“UK tax cuts are likely to pump more money into the economy, which is likely to create more demand and further fuel inflation,” Kleintop said. This, in turn, could cause the Bank of England to hike rates even higher at a time when investors are concerned that central bank tightening of monetary policy is increasing the risks of a global recession. , he has declared.

One of the biggest challenges facing markets right now is rising real rates, i.e. Treasury yields minus the break-even inflation rate of inflation-protected bonds. Real rates have risen sharply over the past six weeks as investors reacted to factors including data showing surprisingly strong inflation in August.

“Due to the discount effect, higher real rates are lowering the equity risk premium, and this is the big challenge for the market,” said Brad Conger, vice chief investment officer at Hirtle, Callaghan & Co.

If there is a bright side for the markets at this point, it is that stocks and bonds look a little oversold here as a lot of bad news – including a federal funds terminal rate north of 4.5% – has already been around. priced, Conger said. “If there is marginal good news … it could shoot us higher,” he added.

On the economic data front, S&P Global US purchasing manager flash index readings for the manufacturing and services sectors helped push the composite PMI to 49.3 in September, outperforming the FactSet consensus number.

It’s still a “light read,” said Charles Schwab’s Kleintop. “However, it would suggest the risk of a slight contraction for third quarter GDP.”

The energy sector SP500.10,
it was the hardest hit of the S&P 500 sectors in Friday’s crisis, falling by about 6.75% as US oil prices fell below $ 80 a barrel, according to FactSet data. Consumer discretionary SP500.25,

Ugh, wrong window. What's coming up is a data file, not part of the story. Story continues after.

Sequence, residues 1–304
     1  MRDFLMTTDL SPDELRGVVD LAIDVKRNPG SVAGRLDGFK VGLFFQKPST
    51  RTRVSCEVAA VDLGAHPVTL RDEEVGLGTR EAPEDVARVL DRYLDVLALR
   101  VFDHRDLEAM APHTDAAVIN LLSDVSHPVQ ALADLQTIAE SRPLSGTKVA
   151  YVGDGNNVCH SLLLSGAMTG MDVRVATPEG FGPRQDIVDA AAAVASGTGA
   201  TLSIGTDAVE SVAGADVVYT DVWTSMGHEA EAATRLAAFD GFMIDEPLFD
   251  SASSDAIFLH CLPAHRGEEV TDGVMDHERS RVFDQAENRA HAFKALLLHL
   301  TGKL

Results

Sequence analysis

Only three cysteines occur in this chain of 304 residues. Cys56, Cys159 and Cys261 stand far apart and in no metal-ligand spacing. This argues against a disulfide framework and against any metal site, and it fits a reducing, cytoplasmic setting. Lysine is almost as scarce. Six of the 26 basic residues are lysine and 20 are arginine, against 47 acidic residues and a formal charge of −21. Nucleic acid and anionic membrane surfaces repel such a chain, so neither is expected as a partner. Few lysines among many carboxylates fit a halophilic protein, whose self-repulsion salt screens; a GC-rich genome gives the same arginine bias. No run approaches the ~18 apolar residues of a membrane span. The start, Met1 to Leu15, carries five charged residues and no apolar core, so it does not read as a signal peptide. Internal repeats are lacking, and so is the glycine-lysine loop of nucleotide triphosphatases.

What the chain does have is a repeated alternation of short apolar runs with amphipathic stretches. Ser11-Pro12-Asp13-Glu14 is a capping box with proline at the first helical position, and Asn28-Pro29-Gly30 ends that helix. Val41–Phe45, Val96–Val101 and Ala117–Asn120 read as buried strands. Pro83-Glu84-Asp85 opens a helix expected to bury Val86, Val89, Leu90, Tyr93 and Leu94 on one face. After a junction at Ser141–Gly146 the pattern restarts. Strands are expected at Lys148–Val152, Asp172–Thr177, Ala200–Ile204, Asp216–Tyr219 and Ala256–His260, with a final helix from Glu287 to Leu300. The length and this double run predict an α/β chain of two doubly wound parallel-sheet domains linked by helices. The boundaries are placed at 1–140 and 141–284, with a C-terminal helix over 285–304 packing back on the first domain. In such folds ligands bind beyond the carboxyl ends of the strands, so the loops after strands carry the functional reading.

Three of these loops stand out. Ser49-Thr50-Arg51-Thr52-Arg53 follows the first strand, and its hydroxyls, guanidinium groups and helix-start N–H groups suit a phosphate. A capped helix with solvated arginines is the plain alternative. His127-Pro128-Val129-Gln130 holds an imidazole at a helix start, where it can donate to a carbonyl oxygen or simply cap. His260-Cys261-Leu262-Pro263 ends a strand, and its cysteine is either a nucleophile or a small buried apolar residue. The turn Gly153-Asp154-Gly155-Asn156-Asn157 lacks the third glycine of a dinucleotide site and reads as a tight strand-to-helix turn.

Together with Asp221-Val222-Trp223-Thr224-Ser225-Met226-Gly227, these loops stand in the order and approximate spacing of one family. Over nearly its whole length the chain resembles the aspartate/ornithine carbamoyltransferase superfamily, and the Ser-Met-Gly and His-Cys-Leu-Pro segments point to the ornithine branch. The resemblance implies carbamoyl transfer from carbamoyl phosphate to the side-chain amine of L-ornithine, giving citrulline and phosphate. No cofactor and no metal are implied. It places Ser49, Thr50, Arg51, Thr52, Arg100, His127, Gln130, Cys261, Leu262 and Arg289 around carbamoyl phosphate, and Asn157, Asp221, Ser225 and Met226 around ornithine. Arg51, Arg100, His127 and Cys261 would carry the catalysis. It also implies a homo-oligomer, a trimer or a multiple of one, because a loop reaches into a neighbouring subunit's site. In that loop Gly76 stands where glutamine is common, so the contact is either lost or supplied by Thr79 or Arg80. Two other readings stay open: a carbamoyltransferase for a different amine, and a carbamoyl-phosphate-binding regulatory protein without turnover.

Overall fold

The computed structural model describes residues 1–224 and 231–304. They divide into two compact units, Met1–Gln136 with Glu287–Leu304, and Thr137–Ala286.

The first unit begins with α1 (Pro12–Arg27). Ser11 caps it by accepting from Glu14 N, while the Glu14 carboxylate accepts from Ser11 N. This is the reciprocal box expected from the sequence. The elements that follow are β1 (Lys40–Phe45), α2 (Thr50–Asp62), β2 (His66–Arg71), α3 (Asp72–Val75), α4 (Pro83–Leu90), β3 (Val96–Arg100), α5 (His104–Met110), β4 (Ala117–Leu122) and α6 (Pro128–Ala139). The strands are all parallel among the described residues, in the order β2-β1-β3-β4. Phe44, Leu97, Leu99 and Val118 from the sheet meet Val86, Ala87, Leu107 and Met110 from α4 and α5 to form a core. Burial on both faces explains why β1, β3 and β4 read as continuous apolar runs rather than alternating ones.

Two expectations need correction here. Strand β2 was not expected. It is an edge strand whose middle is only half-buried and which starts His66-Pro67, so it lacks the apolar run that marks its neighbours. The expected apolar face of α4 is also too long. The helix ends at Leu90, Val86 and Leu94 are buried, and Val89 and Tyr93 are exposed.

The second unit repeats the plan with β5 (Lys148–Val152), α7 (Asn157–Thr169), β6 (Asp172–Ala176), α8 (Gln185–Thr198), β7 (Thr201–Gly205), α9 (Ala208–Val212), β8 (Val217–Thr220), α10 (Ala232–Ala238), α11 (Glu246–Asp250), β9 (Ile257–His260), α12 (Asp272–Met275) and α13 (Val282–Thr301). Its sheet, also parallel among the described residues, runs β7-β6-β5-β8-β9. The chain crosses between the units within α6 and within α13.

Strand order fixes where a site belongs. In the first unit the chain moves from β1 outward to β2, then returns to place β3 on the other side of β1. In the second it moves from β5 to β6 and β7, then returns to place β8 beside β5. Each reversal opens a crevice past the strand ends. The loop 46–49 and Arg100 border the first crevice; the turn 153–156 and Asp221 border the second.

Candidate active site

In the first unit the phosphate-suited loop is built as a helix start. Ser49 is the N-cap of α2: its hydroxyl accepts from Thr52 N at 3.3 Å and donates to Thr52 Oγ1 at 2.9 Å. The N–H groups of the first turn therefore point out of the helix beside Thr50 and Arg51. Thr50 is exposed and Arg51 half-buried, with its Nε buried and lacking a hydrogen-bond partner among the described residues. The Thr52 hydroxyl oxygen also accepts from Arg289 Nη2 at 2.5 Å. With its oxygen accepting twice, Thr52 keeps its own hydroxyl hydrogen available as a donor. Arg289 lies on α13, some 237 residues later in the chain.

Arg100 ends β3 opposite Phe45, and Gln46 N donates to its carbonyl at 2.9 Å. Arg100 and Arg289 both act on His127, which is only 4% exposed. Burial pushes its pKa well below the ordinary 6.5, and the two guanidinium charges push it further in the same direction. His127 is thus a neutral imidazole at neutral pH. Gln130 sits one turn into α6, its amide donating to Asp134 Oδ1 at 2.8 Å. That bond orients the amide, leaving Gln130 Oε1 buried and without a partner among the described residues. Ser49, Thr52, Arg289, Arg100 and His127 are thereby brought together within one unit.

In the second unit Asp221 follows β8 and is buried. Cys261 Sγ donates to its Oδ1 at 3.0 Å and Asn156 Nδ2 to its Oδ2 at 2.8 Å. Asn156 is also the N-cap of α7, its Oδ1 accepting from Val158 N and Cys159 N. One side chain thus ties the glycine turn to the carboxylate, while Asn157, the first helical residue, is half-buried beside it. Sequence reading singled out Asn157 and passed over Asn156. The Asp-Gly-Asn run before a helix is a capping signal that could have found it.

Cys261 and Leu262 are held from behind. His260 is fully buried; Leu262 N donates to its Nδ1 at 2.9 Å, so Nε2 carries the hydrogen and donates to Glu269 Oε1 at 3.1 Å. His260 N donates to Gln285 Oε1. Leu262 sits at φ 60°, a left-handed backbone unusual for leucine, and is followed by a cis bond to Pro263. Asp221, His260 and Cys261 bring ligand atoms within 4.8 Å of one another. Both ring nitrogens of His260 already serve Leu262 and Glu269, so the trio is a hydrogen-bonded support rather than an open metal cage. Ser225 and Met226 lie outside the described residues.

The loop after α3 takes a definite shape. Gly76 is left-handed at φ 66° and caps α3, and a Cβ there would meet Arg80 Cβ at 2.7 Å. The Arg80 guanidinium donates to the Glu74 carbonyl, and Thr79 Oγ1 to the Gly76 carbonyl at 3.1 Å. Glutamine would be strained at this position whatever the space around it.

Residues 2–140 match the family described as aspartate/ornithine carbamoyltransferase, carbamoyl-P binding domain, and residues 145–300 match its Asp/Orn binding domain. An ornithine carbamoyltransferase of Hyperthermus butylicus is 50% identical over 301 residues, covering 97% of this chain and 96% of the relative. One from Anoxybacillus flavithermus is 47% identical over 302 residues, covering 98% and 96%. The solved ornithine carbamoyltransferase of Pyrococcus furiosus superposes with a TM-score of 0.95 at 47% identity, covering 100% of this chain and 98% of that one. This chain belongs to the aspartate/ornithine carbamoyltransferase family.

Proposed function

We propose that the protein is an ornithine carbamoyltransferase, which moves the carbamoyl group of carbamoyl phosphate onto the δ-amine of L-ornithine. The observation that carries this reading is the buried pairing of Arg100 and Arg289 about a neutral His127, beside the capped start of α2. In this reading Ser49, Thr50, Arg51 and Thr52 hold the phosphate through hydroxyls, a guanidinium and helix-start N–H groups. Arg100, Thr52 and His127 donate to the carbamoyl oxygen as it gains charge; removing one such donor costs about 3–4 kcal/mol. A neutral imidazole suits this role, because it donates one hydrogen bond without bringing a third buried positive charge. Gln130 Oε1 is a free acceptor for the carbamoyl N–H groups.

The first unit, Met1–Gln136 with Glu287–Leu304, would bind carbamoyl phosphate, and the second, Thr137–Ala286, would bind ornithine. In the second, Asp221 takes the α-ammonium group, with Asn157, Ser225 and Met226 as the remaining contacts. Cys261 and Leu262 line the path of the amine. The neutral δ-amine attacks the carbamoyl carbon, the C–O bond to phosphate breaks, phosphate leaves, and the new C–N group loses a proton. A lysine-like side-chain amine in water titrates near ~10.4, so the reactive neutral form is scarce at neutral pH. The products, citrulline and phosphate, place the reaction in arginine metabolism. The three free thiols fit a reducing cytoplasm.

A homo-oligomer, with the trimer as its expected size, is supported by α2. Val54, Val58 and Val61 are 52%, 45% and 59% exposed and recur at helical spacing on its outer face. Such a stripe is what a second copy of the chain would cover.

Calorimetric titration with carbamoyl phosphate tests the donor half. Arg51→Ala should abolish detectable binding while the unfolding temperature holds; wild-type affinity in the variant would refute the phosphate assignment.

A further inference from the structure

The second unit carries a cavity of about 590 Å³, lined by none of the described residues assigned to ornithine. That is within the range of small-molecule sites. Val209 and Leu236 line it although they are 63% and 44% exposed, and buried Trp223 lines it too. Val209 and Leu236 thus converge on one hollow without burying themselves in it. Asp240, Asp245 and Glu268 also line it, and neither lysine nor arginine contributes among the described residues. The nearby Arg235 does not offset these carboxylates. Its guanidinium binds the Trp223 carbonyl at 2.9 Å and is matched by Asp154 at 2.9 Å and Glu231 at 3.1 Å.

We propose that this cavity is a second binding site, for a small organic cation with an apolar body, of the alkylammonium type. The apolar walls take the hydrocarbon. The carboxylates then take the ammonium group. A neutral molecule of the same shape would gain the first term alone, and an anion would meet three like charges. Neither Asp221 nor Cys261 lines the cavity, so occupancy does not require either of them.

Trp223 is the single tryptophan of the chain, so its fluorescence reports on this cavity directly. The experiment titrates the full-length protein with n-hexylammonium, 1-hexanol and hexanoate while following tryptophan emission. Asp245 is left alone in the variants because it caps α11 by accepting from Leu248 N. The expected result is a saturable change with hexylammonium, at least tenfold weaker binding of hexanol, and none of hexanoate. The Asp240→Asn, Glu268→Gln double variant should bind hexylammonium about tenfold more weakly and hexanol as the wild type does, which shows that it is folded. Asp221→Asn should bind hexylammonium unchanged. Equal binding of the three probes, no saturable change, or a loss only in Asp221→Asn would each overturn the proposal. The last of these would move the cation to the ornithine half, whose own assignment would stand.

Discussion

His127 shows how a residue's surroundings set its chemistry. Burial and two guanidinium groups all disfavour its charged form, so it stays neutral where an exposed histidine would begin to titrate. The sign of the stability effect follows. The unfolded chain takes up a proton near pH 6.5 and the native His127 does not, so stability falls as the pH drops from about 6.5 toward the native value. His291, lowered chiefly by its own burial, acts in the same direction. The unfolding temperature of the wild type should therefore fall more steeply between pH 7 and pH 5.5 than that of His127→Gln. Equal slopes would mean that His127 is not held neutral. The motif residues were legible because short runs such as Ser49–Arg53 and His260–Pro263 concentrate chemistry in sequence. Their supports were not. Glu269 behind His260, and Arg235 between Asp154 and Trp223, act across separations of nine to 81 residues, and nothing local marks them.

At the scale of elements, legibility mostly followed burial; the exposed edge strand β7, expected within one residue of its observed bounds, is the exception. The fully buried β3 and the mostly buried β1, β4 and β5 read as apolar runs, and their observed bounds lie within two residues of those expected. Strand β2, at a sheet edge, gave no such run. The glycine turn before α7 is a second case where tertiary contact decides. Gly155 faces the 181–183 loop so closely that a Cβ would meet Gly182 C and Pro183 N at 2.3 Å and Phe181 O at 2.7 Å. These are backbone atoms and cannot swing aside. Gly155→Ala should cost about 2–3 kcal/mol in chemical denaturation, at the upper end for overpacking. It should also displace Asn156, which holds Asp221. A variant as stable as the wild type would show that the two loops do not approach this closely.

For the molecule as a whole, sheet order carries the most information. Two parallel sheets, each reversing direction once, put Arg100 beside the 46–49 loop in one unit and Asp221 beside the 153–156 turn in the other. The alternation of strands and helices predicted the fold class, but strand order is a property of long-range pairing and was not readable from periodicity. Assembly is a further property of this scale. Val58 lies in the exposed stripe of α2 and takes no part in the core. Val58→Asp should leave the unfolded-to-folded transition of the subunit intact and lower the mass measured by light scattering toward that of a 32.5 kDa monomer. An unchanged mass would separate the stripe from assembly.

stocks were also severely bruised, down 2.3%.

In the meantime, the market is highly likely to see bearish guidance in the upcoming third quarter earnings season after seeing the resilience of corporate earnings growth this year, according to Kleintop. “This could be one last support for the market which could start to deteriorate,” he cautioned.

Evans of Avitas Wealth Management says he recently sought out buying opportunities in the stock market carnage. “I added some tech stocks, but very big established tech stocks,” he said.

Companies at the center
  • Costco Wholesale
    shares fell 4.3% after delivering fourth quarter results at the end of Thursday. The wholesaler said it is seeing higher transport and labor costs and reported slightly lower operating margins than consensus expectations.

  • Actions of Chevron Corp. CVX,
    fell by 6.5% e Boeing Co.
    It fell 5.4%, dragging the Dow lower as two of the worst performers in the index on Friday.

  • FedEx Corp.
    Shares fell 3.4% after the company announced cost cuts and shipping rate hikes a week after its outlook was retired, which had caused its stock tank and even damaged the stock more. ample.

—Steve Goldstein contributed to this report.